Struggles for rural transit agencies show that the impacts of the COVID-19 pandemic to public transportation are not limited to big cities.
Transit agencies are struggling to continue providing service in the face of plummeting fare revenues and increased costs associated with the need for cleaning vehicles and providing enough service to allow for safe spacing of passengers.
The fallout for transit in this crisis has been more visible in large cities than rural communities, since more people use transit in urban areas, and urban transit is typically more dependent on farebox revenue. But the impact has been just as severe for rural transit systems. Rural systems often don’t have staff that can dedicate time documenting impacts and calling members of Congress. They are trying to keep the doors open, the vehicles clean and running, and the drivers and riders safe. This may in part explain why many rural and tribal transit systems were caught off-guard when their share of the $25 billion of transit relief funding in the CARES Act was cut in half, from $4 billion to $2.2 billion just before the bill passed.
The reality is that rural transit agencies, already operating on very tight margins with unstable financial support, are already at a breaking point in this crisis. “Rural transit systems are at their wits’ end emotionally, physically, mentally and financially,” says LaQuita Thornely, Executive Director of INCA Community Services, an agency that operates JAMM Transit in four rural Oklahoma counties. “The nature of rural transit makes survival during this time questionable.”
What we heard from transit agencies in Oklahoma are examples of what is likely happening to rural transit agencies nationwide.
The modest pay and part-time nature of driving for a rural system means it doesn’t pay the bills but can supplement retirement income. Because of this, rural transit drivers are more often older — many are over 65 — and therefore at greater risk of complications or even death, should they be infected by COVID-19.
For good reason, drivers are already skittish about continuing to work, and many are quitting, often not even bothering to give notice. Recently, a dialysis patient tested positive for the coronavirus after exposing two drivers. “We are awaiting the ripple effects of that incident on driver retention,” said Charla Sloan, Transit Director for c that serves 12 rural Oklahoma counties. “Social distancing is not possible when rural drivers have to secure wheelchair passengers in the vehicles.” Several systems in Oklahoma have had to cut service due to the COVID-19-caused driver shortage.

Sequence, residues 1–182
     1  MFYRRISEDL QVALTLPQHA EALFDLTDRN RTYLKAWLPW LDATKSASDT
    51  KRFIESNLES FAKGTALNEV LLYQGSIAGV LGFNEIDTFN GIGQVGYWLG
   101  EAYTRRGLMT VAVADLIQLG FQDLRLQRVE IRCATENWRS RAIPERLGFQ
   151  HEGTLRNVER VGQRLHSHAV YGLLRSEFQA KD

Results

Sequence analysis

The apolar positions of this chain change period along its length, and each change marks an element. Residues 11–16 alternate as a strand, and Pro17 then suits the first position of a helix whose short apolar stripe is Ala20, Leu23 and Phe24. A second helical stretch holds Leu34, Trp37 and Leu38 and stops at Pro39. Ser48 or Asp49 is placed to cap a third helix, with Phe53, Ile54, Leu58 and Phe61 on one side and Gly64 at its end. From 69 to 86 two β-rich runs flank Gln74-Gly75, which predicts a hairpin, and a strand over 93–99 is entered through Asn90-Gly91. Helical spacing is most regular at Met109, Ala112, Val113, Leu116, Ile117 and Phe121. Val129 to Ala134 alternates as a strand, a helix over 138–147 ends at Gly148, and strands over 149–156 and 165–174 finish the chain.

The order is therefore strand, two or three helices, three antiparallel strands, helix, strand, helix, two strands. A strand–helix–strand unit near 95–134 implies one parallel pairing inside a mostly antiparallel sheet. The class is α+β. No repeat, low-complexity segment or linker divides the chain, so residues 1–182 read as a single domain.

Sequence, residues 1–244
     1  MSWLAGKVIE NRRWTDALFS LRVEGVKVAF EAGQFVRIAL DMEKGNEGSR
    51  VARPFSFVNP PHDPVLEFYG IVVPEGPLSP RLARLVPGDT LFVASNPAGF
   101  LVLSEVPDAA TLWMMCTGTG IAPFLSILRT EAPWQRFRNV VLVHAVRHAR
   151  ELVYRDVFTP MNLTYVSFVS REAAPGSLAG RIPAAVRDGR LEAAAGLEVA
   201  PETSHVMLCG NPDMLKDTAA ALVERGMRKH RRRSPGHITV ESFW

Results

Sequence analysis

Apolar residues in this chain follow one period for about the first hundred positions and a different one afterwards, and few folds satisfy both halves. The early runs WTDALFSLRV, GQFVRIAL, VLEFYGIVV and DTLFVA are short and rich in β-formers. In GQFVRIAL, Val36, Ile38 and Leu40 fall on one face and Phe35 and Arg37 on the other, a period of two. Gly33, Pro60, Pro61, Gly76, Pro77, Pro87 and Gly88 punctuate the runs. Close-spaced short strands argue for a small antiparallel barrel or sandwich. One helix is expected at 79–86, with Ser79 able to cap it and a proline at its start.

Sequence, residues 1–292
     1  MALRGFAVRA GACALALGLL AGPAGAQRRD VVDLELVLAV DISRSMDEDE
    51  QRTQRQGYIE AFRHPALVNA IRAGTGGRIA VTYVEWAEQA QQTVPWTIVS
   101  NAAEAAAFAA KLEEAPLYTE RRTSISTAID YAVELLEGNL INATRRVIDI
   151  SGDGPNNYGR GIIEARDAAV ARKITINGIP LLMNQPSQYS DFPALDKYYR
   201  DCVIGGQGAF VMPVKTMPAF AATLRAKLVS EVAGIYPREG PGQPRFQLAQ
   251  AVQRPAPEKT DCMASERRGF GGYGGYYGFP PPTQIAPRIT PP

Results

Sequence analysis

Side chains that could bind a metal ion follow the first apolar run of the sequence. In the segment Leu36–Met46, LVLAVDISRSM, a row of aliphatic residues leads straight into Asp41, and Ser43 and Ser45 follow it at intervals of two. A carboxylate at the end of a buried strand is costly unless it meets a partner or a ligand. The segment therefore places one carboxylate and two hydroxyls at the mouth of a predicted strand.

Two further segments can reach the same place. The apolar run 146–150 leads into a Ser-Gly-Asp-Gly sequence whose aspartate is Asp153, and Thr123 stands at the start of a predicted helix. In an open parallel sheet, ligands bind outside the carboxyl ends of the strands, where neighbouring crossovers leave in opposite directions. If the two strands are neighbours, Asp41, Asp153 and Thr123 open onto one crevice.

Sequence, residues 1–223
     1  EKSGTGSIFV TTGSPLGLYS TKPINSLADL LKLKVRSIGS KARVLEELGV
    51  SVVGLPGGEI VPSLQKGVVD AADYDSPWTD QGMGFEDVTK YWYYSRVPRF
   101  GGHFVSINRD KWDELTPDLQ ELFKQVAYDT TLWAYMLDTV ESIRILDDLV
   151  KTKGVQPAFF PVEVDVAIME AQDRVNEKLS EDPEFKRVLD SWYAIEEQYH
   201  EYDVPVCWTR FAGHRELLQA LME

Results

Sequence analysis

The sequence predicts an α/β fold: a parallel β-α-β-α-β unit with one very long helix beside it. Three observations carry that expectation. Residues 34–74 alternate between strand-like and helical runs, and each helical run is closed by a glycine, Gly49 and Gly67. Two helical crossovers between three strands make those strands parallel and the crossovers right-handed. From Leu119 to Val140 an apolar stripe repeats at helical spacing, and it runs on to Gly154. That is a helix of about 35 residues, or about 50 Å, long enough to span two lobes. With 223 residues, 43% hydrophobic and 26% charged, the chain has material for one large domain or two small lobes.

Making sure drivers are protected could go a long way toward keeping drivers safe and more of them on the job. But personal protective equipment (PPE) and even hand sanitizer is in short supply and hard to come by. The Oklahoma Transit Association (OTA) has found a supply of hand sanitizer from a local distillery and protective masks from China through one of its vendor members. “We have been driving hundreds of miles around the state delivering hand sanitizer and masks to systems that have no other way to protect its drivers and riders,” said Mark C. Nestlen, Executive Director of OTA. “We have still not found a supplier for small spray bottles to dispense the hand sanitizer or vehicle cleaning supplies, so the stress level remains high.”
The fiscal impacts of the pandemic on already-stretched rural transit systems will be immense. “My system is two payrolls away from being broke,” said Melissa Fesler, Director of First Capital Trolley who serves three Oklahoma counties. “Already subdued local rural economies are shut down with physical distancing practices taking hold. Local revenue sources are drying up quickly, and those local revenues will not recover for years to come.”
“Concern is growing as to the long-term viability of rural transit once the pandemic subsides and we return to a new normal,” said state representative Avery Frix (R-Muskogee), who serves as Chairman of the Oklahoma House of Representatives Transportation Committee and represents two rural counties. “As a result of the COVID-19 health crisis and the related economic collapse, the funding from local sources is going to plummet. Our rural transit providers rely on local matching funds to leverage federal dollars to keep vehicles moving. And those local funds are not going to be there for years.”
Prior to the public health crisis many rural transit providers were already walking a razor’s edge with being able to continue service. Closing down entirely would be especially devastating to many seniors and disabled who rely solely on their local transit system for the one meal at the senior site or access to much needed health care like dialysis or to the worker who relies on transit to get to work.
“As rural states recover from the crisis, public transit will have to be a major component of the economic recovery,” Frix continued. “Without an effective public transit system operating seamlessly statewide within and between rural communities and urban cities, a recovery will be slow at best, if at all.”